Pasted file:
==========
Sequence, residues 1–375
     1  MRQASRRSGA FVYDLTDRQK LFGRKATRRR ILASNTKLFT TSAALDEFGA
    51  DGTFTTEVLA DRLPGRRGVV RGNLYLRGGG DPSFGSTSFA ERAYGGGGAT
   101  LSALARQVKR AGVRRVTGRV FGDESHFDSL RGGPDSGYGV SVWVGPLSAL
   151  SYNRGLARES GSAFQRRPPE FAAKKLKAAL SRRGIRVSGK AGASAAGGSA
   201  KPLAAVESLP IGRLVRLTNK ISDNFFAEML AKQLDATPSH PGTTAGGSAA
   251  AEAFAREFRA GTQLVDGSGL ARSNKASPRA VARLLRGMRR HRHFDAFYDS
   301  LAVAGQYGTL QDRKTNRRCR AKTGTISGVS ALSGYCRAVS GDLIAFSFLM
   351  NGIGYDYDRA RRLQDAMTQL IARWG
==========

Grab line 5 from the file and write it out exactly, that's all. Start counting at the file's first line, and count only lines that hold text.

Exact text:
   151  SYNRGLARES GSAFQRRPPE FAAKKLKAAL SRRGIRVSGK AGASAAGGSA